If you have been a devoted follower of my blog since I started it last summer, then you’ve probably been wondering where the heck I’ve been for the past few months. The truth is that I took a couple of weeks off to focus on finishing my children’s book and a couple of weeks quickly turned into three months.

One of the harshest realizations I’ve had since deciding to pursue writing as a profession is that being at home with my kids doesn’t allow me as much time to write as would be optimal. I thought that I would be able to do social media marketing management part time, write part time, and parent the rest of the time. It’s turned out that once I’ve finished my part time social media management work while my kids are at their ½ day preschool – I usually have about an hour before I have to get back to parenting full time again. Significant chunks of time to work on writing projects are few and far in between.

Trying to keep up with the blog and write a book felt like too much. So, I decided I’d sneak away from Super Eclectica for a couple of weeks to finish my first kid’s book. All went according to plan until I finished the book and decided that I didn’t want that to be the first book I would attempt to get published. It’s a Christmas book and it didn’t seem as marketable as another book idea that I had on the way-back burner. So, I decided that since I’d taken time away from the blog I should just launch straight into that project. Which I did… and am still doing… but it’s not done yet… and the blog has been languishing.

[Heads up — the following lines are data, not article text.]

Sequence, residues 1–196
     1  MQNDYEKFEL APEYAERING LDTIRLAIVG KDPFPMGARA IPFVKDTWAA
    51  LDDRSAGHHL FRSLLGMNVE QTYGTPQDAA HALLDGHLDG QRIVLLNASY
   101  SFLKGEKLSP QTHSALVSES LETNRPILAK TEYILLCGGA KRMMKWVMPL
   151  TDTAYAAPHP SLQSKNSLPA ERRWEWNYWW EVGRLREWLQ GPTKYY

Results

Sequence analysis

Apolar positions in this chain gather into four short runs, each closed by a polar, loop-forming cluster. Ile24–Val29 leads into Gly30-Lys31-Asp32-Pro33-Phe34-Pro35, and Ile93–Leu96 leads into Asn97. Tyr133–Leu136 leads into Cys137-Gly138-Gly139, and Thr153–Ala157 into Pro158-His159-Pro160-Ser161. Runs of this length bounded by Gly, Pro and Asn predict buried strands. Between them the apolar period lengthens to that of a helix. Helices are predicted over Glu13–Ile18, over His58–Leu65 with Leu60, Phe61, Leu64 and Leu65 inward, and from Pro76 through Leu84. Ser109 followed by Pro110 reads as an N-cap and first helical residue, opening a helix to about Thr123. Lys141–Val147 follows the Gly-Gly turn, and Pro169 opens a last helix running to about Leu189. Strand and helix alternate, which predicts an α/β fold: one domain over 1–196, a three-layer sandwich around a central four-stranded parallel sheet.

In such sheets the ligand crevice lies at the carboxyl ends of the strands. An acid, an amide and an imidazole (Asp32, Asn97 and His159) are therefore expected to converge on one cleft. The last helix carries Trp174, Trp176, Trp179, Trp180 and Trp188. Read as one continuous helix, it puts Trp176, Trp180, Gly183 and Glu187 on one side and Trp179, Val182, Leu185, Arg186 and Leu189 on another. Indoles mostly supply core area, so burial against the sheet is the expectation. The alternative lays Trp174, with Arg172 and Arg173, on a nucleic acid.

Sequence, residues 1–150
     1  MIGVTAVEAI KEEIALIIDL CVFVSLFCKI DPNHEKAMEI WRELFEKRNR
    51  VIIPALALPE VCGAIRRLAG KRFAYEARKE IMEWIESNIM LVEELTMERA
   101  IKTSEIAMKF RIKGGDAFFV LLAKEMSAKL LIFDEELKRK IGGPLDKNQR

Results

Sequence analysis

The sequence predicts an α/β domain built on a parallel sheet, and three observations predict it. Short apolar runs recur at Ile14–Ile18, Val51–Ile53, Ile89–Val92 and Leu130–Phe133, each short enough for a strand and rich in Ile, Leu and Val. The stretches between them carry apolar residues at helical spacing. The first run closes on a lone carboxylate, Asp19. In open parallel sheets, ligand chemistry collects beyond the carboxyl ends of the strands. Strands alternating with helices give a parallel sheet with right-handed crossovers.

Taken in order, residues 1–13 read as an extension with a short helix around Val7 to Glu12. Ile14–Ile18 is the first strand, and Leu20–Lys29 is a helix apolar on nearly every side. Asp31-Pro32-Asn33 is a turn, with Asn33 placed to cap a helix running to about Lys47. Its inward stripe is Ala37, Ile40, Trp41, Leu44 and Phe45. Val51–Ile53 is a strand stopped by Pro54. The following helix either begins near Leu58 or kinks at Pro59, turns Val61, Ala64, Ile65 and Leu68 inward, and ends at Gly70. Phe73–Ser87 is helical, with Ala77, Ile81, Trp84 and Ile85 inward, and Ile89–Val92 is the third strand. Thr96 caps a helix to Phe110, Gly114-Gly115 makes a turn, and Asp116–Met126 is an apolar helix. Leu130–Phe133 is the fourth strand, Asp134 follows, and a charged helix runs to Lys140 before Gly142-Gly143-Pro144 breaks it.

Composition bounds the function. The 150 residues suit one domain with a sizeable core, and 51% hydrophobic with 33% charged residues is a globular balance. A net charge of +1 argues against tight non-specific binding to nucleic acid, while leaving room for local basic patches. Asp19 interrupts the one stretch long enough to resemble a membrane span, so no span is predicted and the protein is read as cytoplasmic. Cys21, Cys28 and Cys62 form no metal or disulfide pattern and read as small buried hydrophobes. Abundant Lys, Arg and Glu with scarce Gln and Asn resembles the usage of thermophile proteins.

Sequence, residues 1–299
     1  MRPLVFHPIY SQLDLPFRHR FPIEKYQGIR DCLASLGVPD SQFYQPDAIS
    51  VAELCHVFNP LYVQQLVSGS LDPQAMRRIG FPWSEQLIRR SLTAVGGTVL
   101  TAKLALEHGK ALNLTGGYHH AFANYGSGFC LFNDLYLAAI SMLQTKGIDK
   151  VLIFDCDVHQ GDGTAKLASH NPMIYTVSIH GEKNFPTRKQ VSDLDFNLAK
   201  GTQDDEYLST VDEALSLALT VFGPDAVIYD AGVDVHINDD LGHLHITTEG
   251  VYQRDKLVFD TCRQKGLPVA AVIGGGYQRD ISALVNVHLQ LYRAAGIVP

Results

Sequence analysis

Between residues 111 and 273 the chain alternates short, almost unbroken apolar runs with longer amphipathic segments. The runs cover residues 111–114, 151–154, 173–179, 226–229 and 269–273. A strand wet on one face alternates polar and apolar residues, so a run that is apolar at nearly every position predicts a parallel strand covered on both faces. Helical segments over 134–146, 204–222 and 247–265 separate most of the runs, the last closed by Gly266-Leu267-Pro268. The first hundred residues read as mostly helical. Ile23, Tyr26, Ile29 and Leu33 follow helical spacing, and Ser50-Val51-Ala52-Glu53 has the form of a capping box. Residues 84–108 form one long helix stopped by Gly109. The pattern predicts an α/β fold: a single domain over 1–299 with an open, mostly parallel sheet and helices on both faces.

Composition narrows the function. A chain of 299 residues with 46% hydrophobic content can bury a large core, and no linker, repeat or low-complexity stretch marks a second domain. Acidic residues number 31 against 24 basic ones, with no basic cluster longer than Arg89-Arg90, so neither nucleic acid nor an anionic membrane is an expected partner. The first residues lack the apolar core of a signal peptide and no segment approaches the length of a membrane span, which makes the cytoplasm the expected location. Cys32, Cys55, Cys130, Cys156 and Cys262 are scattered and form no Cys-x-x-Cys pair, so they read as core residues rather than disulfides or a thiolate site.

Eventually, the pull to come back to consistently posting to my blog became too much… and here I am. I’m back, baby! And I have a new commitment to you, the reader. I will now be posting to Super Eclectica every Wednesday come hell or high water. Why? Because it matters. Because YOU matter.

To help get things started with a bang, tomorrow I will be featuring my first blog post from a guest writer. She’s an English professor at Citrus College in Glendora, California, and she’s written an entertaining piece about how she uses “50 Shades of Gray” to teach grammar, entitled, “50 Shades of Grammar.” I guarantee you’re gonna love it.